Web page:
From the street, the tiny storefront on Ninth Street looks like a regular mobile phone store.
But go through the door, and you’ll find the offices of a tax preparer, an accountant and a small newspaper publisher. Down a flight of narrow stairs to the unfinished basement, a few folding chairs sit around a table with microphones on stands next to a desktop computer
This is the studio of Philatinos Radio, which broadcasts Spanish-language music and talk programming online for 50 hours a week that listeners can stream on their computers or smartphones.
On Tuesday nights, Javier Garcia Hernandez hosts his weekly music and talk program, Arriba mis Paisanos, which translates roughly as “arise, my countrymen.”
A community organizer from Mexico who has lived in the United States for 25 years, Hernandez will sometimes host his colleagues in construction. This evening, three of them are at the microphones to talk about their lives as immigrants far from their hometowns and family members.
Other weeks, he has representatives from city agencies who work with small businesses and attorneys from legal services organizations to talk about services available to his immigrant listeners.
“Much of our community suffers,” he noted, “whether it is through wage theft, their employer’s not paying them or working [in] unsafe working conditions, for instance near electrical lines or up on heights where they don’t have fall protection […] whether they’re working in restaurants, whether there is domestic violence in the house. We want them to know there are many places they can go to.”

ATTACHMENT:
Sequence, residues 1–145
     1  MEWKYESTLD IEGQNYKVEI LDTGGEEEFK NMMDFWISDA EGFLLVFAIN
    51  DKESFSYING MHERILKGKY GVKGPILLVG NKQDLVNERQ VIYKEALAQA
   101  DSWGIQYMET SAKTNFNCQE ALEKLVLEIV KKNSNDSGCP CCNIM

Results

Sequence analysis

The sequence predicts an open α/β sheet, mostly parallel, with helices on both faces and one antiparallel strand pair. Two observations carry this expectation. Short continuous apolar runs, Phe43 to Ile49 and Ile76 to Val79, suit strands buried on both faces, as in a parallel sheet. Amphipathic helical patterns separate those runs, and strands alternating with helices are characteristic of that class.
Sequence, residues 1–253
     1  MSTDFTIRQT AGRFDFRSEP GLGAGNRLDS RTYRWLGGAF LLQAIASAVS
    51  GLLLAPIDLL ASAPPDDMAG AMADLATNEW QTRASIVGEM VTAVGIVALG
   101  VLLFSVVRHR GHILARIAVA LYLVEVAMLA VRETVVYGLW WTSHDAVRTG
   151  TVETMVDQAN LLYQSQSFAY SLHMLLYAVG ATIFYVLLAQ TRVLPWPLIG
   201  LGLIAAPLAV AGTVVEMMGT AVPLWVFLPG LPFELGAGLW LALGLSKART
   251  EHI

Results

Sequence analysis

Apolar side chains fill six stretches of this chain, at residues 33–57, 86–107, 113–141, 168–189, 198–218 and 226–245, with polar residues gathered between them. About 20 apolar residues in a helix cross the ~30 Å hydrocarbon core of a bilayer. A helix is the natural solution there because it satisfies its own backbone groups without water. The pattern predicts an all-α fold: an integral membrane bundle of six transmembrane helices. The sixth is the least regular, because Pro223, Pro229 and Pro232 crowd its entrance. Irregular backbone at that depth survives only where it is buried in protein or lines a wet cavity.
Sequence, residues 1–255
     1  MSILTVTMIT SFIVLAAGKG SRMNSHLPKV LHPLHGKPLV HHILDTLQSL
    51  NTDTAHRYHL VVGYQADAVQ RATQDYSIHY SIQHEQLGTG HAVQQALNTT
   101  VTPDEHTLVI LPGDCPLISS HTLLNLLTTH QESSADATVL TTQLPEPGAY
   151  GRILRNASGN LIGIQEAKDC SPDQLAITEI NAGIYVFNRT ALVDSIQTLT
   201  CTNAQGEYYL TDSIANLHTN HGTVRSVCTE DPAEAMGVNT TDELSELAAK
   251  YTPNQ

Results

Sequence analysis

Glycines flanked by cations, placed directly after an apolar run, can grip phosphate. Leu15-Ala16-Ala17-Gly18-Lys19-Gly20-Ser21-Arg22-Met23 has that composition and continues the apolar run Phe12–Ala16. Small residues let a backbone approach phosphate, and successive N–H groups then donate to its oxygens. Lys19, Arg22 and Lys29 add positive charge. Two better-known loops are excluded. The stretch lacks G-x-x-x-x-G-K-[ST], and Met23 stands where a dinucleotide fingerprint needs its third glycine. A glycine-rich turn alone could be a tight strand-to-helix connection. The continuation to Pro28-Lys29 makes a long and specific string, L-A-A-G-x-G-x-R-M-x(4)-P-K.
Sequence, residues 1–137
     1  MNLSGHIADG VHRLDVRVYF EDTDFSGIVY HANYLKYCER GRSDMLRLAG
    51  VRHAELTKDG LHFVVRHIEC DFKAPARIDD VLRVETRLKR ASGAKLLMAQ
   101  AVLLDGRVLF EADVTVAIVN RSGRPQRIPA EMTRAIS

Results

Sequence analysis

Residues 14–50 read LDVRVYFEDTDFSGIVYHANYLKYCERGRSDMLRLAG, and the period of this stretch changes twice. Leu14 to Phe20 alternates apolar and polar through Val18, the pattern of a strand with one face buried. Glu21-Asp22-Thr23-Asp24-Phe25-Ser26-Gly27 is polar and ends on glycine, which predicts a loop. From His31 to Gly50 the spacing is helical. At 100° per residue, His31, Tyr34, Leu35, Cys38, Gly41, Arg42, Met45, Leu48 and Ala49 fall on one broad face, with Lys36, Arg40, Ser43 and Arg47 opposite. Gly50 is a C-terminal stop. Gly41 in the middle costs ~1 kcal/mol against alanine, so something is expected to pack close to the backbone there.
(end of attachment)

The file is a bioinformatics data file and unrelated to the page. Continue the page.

Immigrants have traditionally been big radio listeners. Today, the widespread adoption of smartphones means an Internet radio station can serve its target audience without the trouble or expense of starting a traditional station.
Founder Edgar Ramirez says Philatinos Radio serves a very different purpose from the big commercial Spanish stations, such as La Mega and El Zol, because, here, members of the community host all the shows.
“They talk about what their neighbors are interested in,” he explained in Spanish. “Which are things as simple as how to find a place to go for medical care or for school.”
The station airs a program hosted by three young mothers, who chat about entertaining their kids and where to enroll them in school. Another show offers English classes. On Wednesdays, Mexican journalist Leticia Roa Nixon presents the news.
After a year on the air, the station has drawn a small audience of a couple thousand predominantly Mexican immigrants. However it reaches a wide area outside of the greater Philadelphia region. Ramirez points out that he has clusters of listeners in certain neighborhoods of Queens, Long Island and Miami.
People living there originally came from same region of Mexico.
For its audience back in Mexico, Philatinos Radio serves a different purpose. It’s somewhere they can tune in to hear their friends and relatives now living far from home.